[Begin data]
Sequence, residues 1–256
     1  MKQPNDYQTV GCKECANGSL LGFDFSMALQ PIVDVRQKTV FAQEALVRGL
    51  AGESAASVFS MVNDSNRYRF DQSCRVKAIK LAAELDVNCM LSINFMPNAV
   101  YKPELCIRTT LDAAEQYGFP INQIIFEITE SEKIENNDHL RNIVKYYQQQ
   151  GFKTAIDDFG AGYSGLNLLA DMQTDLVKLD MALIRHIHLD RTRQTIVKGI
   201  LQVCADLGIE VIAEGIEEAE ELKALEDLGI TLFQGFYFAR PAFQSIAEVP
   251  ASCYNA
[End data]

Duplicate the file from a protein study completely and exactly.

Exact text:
Sequence, residues 1–256
     1  MKQPNDYQTV GCKECANGSL LGFDFSMALQ PIVDVRQKTV FAQEALVRGL
    51  AGESAASVFS MVNDSNRYRF DQSCRVKAIK LAAELDVNCM LSINFMPNAV
   101  YKPELCIRTT LDAAEQYGFP INQIIFEITE SEKIENNDHL RNIVKYYQQQ
   151  GFKTAIDDFG AGYSGLNLLA DMQTDLVKLD MALIRHIHLD RTRQTIVKGI
   201  LQVCADLGIE VIAEGIEEAE ELKALEDLGI TLFQGFYFAR PAFQSIAEVP
   251  ASCYNA